JW: Thanks Mark. The title is really just about life. Sometimes it’s really great and other times it’s really bad. So there wasn’t really any decision made about having an album with titles that were about dreaming or anything like that. It must have just been were my head was. All of the songs were titles with the first thing that came to my mind, and that was that. ‘Sister Sleeper’, for example. I’m not sure what that means, but the words popped in my head and I liked the imagery they created and so that was that.
My personal favourite must be the album’s title-track. I have listened to this sprawling opus innumerable times, and still find new meanings and hidden details. The moment that layers of uplifting brass sounds arrive into the forefront of the mix is nothing short of breathtaking. The song is built on several distinct movements, I feel, where a wonderful dynamic and feel is forever sweeping before your eyes. Can you shine some light on this piece please, Justin? Which parts first came into the picture and how did you manage to coalesce it together in the end? It’s a stunning tour de force.
JW: The opening bit was recorded in the first few days at Erik’s place in Chicago. It was just another take, if I remember correctly it was the 11th take we did. From that I did a pass with the sequencer and that was the form. I had a few beers and did a pass with the trumpet. Had a few more beers and did a pass with the EVI and then the next day added on some horn section style parts. I agree that in looking at it first and all at once, it seems fairly epic, but it’s really just a few first takes that are all responding to the thing that came before them. I don’t know how it happened and I’m not sure I can recreate it. I do know that I wanted it to be simple and beautiful and that’s what I tried to do.
I love the held sounds of the trumpet. It reminds me of Colin Stetson’s work and some of the releases from the ECM label. Can you recount for me your memories of first playing the trumpet and how your technique has developed?
JW: My first trumpet was given to me by Louis Smith. He’s a great Blue Note recording artist and a wonderful man. I’d say that early on I was mostly influenced by him and the more traditional jazz icons. I wanted to play like Freddie Hubbard and Miles Davis. I wasn’t really that great of a trumpet player though, so I tried really really hard and often did more damage than good. I moved to New York to study with Laurie Frink, who just passed, and she helped me figure out how to play the trumpet. Now I really do know how to play the trumpet exactly how I want to play it, and it’s really fun for me. After spending most of my life trying really hard to become great at something, I’d say that now I really don’t think about it too much. It’s definitely freed me up to pursue things like this. But yeah, at first it was Miles Davis and Bebop, now it’s just whatever comes to mind.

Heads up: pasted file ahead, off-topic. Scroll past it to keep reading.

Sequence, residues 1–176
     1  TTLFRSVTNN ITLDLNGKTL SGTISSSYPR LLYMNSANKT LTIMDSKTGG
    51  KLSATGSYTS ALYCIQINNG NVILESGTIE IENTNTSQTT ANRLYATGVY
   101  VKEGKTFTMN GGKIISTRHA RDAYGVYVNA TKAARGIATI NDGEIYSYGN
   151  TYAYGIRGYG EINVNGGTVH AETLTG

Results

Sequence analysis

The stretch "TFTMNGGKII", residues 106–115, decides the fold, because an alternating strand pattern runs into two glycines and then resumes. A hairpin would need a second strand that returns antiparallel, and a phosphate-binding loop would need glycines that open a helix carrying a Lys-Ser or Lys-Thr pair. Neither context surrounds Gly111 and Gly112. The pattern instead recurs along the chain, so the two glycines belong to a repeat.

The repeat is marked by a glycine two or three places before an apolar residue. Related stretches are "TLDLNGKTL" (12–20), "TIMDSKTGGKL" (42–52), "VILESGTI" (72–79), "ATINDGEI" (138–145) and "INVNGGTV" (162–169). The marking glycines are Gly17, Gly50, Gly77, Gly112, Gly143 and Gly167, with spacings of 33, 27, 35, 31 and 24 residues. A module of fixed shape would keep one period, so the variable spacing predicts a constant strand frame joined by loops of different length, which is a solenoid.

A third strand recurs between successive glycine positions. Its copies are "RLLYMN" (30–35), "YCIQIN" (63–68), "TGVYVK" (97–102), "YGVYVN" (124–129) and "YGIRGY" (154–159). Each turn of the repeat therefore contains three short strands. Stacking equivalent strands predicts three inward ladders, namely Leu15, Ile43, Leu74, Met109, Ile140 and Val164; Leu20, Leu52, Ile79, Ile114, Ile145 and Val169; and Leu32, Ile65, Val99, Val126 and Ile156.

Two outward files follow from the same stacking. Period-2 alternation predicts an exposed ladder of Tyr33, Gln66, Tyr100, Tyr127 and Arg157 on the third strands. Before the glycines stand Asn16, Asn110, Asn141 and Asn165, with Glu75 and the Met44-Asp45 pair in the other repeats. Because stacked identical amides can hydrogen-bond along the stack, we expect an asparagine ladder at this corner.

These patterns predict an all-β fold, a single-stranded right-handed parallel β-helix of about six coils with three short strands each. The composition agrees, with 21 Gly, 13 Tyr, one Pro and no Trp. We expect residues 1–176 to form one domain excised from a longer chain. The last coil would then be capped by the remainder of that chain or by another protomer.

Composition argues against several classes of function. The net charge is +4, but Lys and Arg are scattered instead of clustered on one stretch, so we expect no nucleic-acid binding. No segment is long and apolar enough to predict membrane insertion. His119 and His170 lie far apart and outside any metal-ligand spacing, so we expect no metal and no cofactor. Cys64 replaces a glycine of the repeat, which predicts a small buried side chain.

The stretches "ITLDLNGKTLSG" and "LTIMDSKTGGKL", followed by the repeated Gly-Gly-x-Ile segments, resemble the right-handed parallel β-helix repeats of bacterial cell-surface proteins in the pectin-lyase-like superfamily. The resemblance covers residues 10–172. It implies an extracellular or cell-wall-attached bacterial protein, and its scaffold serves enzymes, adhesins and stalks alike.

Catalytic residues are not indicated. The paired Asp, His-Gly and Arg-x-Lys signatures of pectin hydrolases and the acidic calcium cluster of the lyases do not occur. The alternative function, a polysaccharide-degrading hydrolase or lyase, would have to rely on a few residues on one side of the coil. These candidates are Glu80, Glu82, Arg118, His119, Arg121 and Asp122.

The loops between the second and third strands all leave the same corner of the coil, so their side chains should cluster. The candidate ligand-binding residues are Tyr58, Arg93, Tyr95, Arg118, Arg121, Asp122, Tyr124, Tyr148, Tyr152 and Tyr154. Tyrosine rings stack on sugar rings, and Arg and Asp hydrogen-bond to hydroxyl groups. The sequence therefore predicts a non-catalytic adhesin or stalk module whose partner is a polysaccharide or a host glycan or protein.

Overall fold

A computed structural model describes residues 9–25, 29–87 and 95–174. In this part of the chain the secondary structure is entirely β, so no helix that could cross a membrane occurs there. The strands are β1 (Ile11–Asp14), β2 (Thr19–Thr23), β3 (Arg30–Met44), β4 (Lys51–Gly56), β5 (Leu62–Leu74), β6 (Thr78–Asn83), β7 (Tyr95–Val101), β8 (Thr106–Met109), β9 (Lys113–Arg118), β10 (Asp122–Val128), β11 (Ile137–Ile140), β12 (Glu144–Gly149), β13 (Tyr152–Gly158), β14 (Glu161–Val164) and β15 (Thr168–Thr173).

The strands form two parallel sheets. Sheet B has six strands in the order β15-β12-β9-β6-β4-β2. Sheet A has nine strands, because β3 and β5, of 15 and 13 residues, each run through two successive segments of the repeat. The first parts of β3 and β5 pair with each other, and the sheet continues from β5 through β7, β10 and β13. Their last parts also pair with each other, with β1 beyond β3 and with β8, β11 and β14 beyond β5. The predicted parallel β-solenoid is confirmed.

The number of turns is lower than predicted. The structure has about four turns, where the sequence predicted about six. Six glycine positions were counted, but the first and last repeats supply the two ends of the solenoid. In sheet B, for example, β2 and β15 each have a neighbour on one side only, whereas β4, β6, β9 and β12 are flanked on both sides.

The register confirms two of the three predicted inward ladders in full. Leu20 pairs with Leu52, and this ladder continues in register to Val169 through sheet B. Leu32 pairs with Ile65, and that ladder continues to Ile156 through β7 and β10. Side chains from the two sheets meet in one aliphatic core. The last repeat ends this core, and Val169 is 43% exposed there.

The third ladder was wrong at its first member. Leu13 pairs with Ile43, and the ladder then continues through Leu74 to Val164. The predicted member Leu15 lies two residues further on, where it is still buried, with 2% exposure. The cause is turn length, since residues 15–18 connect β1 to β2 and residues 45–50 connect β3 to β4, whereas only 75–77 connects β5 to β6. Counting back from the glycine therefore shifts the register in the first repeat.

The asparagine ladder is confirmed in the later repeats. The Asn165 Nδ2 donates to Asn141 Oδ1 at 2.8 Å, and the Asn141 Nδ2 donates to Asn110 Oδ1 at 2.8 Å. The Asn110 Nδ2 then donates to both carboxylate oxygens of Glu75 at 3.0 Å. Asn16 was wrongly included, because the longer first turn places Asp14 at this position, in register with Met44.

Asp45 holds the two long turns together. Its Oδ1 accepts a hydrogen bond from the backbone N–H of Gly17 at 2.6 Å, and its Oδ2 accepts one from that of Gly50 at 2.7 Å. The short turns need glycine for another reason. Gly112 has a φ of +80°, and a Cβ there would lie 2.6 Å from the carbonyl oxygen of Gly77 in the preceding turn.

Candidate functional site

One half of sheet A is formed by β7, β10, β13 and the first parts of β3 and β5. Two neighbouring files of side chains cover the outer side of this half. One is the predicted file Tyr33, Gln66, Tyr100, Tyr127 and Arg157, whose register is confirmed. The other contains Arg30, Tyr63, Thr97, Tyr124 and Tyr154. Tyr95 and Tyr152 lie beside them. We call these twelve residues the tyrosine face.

‘Lullabies And Nightmares’ is home to the peerless independent Chicago-based music label, kranky. This in itself is a fitting testament to the music you have created. That must have been quite an honour? What records and, indeed, composers/artists have inspired you significantly in the pursue of your own art would you say, Justin?
JW: It is an honour. The label puts out amazing music. For this recording I was mostly inspired by Colin Stetson.
Interviewing Koen Holtkamp of Mountains earlier in the year, he explained, when discussing the music-making process: “…allowing for more experimentation in the studio and letting things find their place versus having a preconceived notion of what we wanted to do beforehand.” I imagine the former is (more) the case for ‘Lullabies And Nightmares’? Also, have the pieces you have composed been fully realized in your mind prior to the recording/producing/mixing stage of the album? Or are you very much open to changes at this point due to the nature of improvised music?
JW: A bit of both. There’s magic in an improvisation, but sometimes, if it so close and just needs a nudge then it’s time to nudge. I had no idea what I was going to play until the moment I played it.
What is next for you, Justin? How do you envision the follow-up to ‘Lullabies And Nightmares’ to sound like? Any other projects on the horizon?
JW: I’ve been working on a lot of new music. It’s really just what I do when I get off work. I’m working on things in a similar way, but this time it seems to be darker and more complex. A lot of material I’ll spend a month or two with and then just let it go. It’s the process of creating and looking for new sounds. I’m not sure when my next album will be done, right now it feels like I’m working on a series of paintings all at the same time and none of them are finished. It’s not a bad place to be.
‘Lullabies & Nightmares’ is available now on Kranky.